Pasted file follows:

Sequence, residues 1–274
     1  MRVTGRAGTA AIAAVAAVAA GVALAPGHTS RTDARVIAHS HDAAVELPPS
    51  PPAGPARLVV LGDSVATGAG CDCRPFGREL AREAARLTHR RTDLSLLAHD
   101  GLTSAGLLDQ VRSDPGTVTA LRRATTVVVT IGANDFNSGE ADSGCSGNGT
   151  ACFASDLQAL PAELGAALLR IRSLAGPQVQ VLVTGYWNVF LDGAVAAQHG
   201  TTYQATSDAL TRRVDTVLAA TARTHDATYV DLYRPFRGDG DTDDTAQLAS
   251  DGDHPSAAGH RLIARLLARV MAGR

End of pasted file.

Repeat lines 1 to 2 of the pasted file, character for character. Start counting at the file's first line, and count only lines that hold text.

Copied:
Sequence, residues 1–274
     1  MRVTGRAGTA AIAAVAAVAA GVALAPGHTS RTDARVIAHS HDAAVELPPS